Chitin is present in large quantities in the marine crustacean waste disposed by seafood processing industries, making it very desirable as the substrate for producing chitinase, a hydrolytic enzyme of considerable interest in many industrial and agricultural applications. In our work, crustacean waste powder and its combination with colloidal chitin at different concentrations (0.5, 1.0, and 1.5%) were utilized to optimize the chitinase production by the bacterium, Bacillus sp. K29-14. The results showed that the chitinase production with the three different substrate concentrations was relatively constant in the range of 0.2 to 0.3 U/ml during 12 days cultivation, although there was a bit reduction after day 8. This activity profile seems to be similar to that of the protein content. Whereas the chitinase production on the media containing crustacean waste powder and its combination with colloidal chitin at the three concentrations showed that the highest activity (3.0 to 4.6 U/ml) was achieved on day 7 and 8. The specific chitinase activity with the waste powder at different concentrations of substrate (0.5, 1.0 and 1.5%) was increasing slowly during a nine-day cultivation. The optimal chitinase production (4.6 U/ml) was achieved with the combined substrate of 0.5% on day 8.
Teknik Peningkatan Performa Enzim Asal Mikroba Laut yang Tidak dapat dikultur Agustinus Robert Uria; Dewi Seswita Zilda; Yusro Nuri Fawzya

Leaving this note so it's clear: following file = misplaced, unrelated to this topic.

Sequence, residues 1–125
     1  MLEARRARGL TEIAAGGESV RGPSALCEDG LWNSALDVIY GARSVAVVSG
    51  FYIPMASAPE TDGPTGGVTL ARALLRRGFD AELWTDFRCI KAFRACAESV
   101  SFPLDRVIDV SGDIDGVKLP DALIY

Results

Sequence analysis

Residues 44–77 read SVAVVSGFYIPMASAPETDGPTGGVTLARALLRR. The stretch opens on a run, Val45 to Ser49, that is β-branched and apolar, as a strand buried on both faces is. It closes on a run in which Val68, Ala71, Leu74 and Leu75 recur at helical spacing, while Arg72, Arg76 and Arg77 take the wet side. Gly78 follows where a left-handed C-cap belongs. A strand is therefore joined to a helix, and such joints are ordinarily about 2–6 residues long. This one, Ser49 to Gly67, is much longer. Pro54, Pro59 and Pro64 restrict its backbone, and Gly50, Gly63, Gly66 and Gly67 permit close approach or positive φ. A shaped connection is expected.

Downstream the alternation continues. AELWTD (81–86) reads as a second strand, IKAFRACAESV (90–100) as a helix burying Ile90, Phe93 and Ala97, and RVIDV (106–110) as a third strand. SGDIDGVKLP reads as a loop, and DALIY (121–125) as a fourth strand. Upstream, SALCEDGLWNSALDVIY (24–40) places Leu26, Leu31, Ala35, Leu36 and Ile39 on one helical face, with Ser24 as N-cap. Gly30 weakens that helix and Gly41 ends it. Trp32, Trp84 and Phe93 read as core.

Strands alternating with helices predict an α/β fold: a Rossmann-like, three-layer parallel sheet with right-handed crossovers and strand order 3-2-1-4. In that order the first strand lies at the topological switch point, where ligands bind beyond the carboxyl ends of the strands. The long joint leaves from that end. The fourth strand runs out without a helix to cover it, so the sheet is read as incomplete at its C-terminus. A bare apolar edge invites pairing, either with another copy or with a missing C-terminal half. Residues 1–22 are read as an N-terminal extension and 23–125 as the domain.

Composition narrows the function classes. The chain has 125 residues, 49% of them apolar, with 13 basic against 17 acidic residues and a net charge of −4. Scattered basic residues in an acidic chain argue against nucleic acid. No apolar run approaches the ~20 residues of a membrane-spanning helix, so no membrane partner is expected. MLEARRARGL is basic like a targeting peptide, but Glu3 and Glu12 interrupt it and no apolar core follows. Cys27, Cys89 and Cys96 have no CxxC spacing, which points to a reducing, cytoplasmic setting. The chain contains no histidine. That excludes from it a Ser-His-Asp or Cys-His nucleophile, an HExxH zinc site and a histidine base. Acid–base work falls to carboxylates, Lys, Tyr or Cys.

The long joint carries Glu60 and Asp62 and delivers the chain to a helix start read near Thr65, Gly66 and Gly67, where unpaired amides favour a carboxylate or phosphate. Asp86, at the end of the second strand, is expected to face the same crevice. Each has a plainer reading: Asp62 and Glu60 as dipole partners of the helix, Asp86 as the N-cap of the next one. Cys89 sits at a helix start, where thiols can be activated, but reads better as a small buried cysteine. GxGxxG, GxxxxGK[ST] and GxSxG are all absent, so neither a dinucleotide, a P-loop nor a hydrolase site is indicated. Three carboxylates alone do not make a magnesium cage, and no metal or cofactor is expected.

Squalen, Buletin Pascapanen dan Bioteknologi Kelautan dan Perikanan Vol 1, No 1 (2006): December 2006
Publisher : Research and Development Center for Marine and Fisheries Product Processing and Biotechnol

Show Abstract | Download Original | Original Source | Check in Google Scholar | DOI: 10.15578/squalen.v1i1.72

Abstract

Tingginya keanekaragaman dan kelimpahan mikroba laut menunjukkan potensinya sebagai sumber paling menjanjikan untuk penemuan produk alami yang bernilai industri.  Di antara berbagai bentuk produk alami, enzim termasuk paling diminati dalam dunia industri baik dalam industri kimia, farmasi maupun makanan.  Hal ini berkenaan dengan peranannya sebagai katalis yang ramah lingkungan, ekonomis dan bersih (Wahler Reymond, 2011).
Cloning of a Transglutaminase Gene from Streptomyces thioluteus TTA 02 SDS 14 Seprianto Seprianto; Dewi Seswita Zilda; Yusro Nuri Fawzya; Suharsono Suharsono; Puspita Lisdiyanti; Agustinus Robert Uria
Squalen, Buletin Pascapanen dan Bioteknologi Kelautan dan Perikanan Vol 11, No 1 (2016): May 2016
Publisher : Research and Development Center for Marine and Fisheries Product Processing and Biotechnol

Show Abstract | Download Original | Original Source | Check in Google Scholar | DOI: 10.15578/squalen.v11i1.189

Abstract

Microbial Transglutaminase (MTGase, EC 2.3.2.13) is an enzyme that catalyzes the transfer of acyl group. Many microbial strains that produce MTGase belong to Streptomyces members. This research was aimed at cloning of a MTGase gene. PCR–based screening of ten MTGase-producing streptomyces isolates from soil in West Nusa Tenggara led to detection of one potential isolate, designated as TTA 02 SDS 14. The partial  MTGase-encoding gene (470 bp)  was amplified by PCR and sequenced. The sequence result indicate its similarity of 93 % with that of Streptomyces cinnamoneus. The 16S rRNA gene analysis showed its identity as Streptomyces thioleteus. Fosmid-based construction of a genomic library from the isolate  and subsequent screening led to the isolation of  a ~40-Kb fosmid harboring a MTGase gene.